GDC | Game Developers Conference

March 18-22, 2019 | San Francisco, CA

GDC 2019 Highlights

Classic Game Postmortem: 'Lemmings'

Designing Two Tasty Cores Three Times Over: The Case of 'Brawl Stars'

'Devil May Cry 5': Creating a Standout Action Game

GDC 2019 Highlights

'Into the Breach' Design Postmortem

GDC Main Stage: The Developer's Journey

Building the Interface of 'The Elder Scrolls: Blades' in Landscape and Portrait

GDC Diamond Partners



Connecting the Global Game Development Community

GDC Europe 2013 Session Scheduler

Please note: the information on this page reflects GDC Europe 2013.

Export Schedule:

This Time It's Different: Treasures and Traps in the Next Gen Transition

Don Daglow  |  President & Creative Director, Daglow Entertainment LLC

Location: Offenbachsaal

Format: Lecture
Track: Business, Marketing & ManagementProduction
Vault Recording: Video

We think of console titles as a separate channel from all other games, but this particular Next Gen transition creates risks and opportunities across mobile and online platforms as well. Will the new consoles solve industry problems or will the struggles of the current cycle continue? What traditions can we rely on in console game development and what will change? Don Daglow is the only executive in games industry history to lead development teams on every generation of video games, from the Atari vs. Intellivision era thirty-plus years ago up until today. He'll share his perspectives on traps awaiting the unwary, as well as the treasures to be found on console and every other platform in these transition years.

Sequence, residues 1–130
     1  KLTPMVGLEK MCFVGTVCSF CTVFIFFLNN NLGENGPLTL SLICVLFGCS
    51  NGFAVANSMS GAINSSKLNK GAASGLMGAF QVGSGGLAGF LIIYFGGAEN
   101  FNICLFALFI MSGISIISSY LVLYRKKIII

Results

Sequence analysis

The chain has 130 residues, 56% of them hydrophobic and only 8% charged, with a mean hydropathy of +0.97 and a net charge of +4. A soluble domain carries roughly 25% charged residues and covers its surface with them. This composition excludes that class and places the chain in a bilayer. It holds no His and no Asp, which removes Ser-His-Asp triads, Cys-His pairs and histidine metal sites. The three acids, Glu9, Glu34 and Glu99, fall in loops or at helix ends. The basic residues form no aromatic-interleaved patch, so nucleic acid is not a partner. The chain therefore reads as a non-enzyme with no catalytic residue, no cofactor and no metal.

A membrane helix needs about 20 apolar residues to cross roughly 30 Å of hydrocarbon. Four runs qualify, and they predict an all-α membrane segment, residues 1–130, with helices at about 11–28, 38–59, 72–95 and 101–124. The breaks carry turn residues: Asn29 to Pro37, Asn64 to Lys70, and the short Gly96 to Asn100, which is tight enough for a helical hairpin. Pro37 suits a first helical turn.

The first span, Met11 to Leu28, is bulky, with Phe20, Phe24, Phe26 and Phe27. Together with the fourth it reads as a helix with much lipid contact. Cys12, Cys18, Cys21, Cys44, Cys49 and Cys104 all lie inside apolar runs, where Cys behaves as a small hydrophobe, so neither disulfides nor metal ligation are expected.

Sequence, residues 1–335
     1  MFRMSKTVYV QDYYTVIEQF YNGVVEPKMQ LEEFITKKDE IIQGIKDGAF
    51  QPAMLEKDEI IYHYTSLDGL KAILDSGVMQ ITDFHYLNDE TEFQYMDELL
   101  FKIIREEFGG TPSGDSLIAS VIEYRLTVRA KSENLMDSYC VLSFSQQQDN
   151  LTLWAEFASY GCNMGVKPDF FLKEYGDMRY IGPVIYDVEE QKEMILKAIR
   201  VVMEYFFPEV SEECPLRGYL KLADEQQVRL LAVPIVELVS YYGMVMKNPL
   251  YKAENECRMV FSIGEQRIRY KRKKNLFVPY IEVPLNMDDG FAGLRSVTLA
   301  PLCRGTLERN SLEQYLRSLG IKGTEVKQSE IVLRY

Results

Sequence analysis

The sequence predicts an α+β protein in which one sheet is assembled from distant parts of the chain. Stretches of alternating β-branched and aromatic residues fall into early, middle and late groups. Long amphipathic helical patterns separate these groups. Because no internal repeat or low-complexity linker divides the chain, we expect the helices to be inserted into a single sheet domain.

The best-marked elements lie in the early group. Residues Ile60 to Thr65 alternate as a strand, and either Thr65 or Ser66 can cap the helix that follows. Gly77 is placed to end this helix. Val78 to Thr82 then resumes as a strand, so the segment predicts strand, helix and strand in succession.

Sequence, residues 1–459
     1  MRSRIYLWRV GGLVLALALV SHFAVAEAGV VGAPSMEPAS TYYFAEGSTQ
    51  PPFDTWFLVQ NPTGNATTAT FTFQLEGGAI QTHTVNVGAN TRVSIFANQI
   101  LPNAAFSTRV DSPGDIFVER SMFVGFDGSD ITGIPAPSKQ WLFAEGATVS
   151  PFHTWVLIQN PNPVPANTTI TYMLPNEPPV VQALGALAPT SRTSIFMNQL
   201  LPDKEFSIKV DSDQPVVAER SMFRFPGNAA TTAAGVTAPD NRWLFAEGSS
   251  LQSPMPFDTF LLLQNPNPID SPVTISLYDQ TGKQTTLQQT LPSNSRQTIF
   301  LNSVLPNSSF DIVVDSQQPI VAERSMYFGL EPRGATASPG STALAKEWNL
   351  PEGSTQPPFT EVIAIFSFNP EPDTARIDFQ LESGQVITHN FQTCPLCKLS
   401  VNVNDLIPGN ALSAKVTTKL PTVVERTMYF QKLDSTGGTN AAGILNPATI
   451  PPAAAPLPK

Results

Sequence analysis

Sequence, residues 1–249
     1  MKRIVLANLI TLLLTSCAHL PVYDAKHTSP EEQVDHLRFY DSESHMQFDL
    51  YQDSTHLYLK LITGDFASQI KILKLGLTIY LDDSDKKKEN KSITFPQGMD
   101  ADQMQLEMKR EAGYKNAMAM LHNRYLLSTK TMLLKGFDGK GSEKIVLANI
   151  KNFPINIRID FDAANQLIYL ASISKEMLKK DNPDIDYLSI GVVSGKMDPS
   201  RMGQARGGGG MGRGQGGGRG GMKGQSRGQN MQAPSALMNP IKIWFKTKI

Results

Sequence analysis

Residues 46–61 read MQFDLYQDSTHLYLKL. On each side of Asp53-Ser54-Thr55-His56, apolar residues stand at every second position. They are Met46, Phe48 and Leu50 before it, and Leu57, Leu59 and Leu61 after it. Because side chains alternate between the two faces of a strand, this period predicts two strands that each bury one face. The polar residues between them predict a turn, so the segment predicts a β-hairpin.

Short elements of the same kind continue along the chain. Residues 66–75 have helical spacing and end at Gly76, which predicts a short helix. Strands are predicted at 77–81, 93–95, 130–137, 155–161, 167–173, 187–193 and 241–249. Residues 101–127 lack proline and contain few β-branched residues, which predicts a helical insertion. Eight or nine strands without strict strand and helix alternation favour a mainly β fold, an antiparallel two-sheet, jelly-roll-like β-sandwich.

Designers and publishers need to differentiate "Next Gen" games in new ways in order to succeed, and we can't follow the script of 2000 or 2006. At the same time, console values can be applied successfully to mobile and online. To meet financial goals the hardware companies need to woo new players, not just the established core. That means new kinds of games will be given a chance this Next Gen. Many new channels and genres have appeared since 2005, and many new sets of player expectations. This opens new doors but locks some old ones, both in the console market and in the emerging online and mobile world.

Intended Audience

Developers, publishers, designers and producers - anyone who has the chance to turn a concept into a game or manage part of the the process of game making.

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